- Associated Press - Thursday, August 2, 2012

LOS ANGELES (AP) - CBS Corp.’s net income rose 8 percent in the second quarter, beating analysts’ expectations even as advertising revenue fell and it took in less money from the sale of program reruns.

CBS was unable to match last year’s second quarter revenue performance because in 2011 it received a large bump from a TV licensing deal with Netflix. Last year also saw the semifinals of the March Madness NCAA college basketball tournament occur during the April-June quarter.

Net income in the three months to June 30 rose to $427 million, or 65 cents per share. That handily beat the 59 cents per share expected by analysts polled by FactSet.

Revenue slipped 3 percent to $3.48 billion, below the $3.53 billion expected.

In the current quarter, CEO Les Moonves conceded that the market for last-minute ad buys is showing some “softness”. He blamed NBC’s coverage of the London Olympics for taking away a lot of the available viewers and ad dollars.

Moonves said the market will return to normal in September, when the fall TV season begins and CBS begins to benefit from higher commercial prices that it locked in during the bulk sales period known as the upfronts earlier this year. He also expects political ad sales to break records ahead of the presidential election in November.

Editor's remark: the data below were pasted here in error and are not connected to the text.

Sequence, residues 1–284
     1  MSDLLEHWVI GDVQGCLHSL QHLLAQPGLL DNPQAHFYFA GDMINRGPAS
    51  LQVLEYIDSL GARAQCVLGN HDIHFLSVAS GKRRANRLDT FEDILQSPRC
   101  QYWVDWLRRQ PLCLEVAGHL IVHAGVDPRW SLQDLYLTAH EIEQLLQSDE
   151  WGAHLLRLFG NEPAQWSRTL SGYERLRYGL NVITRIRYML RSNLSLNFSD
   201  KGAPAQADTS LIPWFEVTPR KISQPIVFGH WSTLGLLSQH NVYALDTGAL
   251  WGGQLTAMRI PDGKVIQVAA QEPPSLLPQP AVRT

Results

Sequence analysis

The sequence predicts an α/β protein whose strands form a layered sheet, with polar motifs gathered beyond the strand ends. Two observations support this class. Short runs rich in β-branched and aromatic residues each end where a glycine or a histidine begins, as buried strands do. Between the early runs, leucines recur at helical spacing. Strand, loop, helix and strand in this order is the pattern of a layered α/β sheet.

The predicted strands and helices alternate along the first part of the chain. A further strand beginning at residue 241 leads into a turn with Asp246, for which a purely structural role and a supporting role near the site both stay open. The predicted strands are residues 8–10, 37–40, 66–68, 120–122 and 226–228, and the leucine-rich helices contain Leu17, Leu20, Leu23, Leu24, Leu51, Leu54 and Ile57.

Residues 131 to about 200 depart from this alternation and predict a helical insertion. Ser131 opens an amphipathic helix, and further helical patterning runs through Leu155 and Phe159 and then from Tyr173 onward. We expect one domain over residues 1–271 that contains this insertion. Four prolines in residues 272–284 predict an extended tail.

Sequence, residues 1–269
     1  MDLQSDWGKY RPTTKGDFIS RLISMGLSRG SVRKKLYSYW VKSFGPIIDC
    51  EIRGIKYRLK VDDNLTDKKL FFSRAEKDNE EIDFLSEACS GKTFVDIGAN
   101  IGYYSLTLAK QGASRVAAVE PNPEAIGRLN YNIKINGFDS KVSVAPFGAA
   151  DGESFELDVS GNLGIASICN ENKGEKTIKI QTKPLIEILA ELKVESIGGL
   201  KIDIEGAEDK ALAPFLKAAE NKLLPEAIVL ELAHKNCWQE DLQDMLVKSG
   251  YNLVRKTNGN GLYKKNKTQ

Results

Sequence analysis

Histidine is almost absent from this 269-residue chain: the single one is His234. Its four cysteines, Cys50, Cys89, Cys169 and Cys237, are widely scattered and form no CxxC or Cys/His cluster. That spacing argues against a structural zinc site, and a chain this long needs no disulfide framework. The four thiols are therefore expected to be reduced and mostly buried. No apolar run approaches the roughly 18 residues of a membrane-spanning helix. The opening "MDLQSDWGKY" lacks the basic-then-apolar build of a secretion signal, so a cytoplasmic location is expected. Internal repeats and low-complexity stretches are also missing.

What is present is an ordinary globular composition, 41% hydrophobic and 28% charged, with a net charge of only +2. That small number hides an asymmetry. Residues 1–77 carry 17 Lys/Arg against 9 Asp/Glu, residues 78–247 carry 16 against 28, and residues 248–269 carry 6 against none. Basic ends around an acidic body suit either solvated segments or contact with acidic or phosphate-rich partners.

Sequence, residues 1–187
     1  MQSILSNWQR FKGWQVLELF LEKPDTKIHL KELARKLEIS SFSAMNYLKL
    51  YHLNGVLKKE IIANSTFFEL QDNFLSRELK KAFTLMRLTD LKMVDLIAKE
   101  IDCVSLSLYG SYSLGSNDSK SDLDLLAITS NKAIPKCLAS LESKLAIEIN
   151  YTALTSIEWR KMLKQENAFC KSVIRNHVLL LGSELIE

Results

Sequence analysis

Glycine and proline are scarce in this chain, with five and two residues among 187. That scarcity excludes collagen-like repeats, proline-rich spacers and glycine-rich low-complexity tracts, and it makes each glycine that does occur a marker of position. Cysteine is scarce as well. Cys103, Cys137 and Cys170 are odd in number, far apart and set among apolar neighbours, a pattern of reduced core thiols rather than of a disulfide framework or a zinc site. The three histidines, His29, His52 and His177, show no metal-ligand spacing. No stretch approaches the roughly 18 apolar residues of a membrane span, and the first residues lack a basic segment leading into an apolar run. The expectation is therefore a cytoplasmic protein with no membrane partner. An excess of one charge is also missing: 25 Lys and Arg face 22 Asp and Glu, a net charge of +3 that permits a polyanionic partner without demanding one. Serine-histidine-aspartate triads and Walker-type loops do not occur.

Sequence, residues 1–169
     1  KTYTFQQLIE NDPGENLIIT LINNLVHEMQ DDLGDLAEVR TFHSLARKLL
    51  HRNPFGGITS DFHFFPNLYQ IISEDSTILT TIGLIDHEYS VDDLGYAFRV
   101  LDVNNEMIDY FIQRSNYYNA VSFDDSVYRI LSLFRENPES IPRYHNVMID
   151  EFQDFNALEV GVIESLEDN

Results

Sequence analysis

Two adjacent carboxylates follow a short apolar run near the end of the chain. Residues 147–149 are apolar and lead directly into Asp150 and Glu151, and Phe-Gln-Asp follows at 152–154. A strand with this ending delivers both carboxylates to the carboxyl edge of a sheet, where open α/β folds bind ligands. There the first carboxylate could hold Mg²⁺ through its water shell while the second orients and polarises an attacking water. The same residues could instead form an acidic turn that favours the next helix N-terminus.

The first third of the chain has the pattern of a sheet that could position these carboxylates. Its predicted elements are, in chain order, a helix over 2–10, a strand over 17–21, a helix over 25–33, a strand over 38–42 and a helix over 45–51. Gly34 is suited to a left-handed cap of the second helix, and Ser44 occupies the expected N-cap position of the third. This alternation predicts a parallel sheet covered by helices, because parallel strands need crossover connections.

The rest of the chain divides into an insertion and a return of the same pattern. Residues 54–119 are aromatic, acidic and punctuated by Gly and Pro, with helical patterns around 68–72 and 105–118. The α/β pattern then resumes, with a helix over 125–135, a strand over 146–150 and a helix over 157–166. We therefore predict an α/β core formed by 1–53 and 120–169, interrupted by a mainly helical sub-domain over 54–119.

“We’re ready for the gun to go off in the middle of September,” Moonves told analysts on a conference call.

Still, analysts were concerned that the lack of stellar results might mean the ad market is slipping.

“I think the question is, `Is the ad market softening?” said Robin Dietrich, an analyst with Edward Jones. “The economic news as of late has not been all that favorable.”

Advertising revenue fell 3 percent to $2.14 billion while rerun sales fell 8 percent to $816 million. Fees from TV distributors who pay to carry the CBS network and its Showtime channel rose 8 percent to $465 million.

Overall, the company said advertising revenue in the second quarter reflected a “steady marketplace.”

Profits went up despite the revenue fall partly because fees from distributors are more profitable than ad sales. The shift of some college basketball games into the first quarter also reduced programming costs in the second quarter.

CBS’ stock slipped a penny in after-hours trading to $33.03. In the last year, it has traded in a range of $17.99 to $35.

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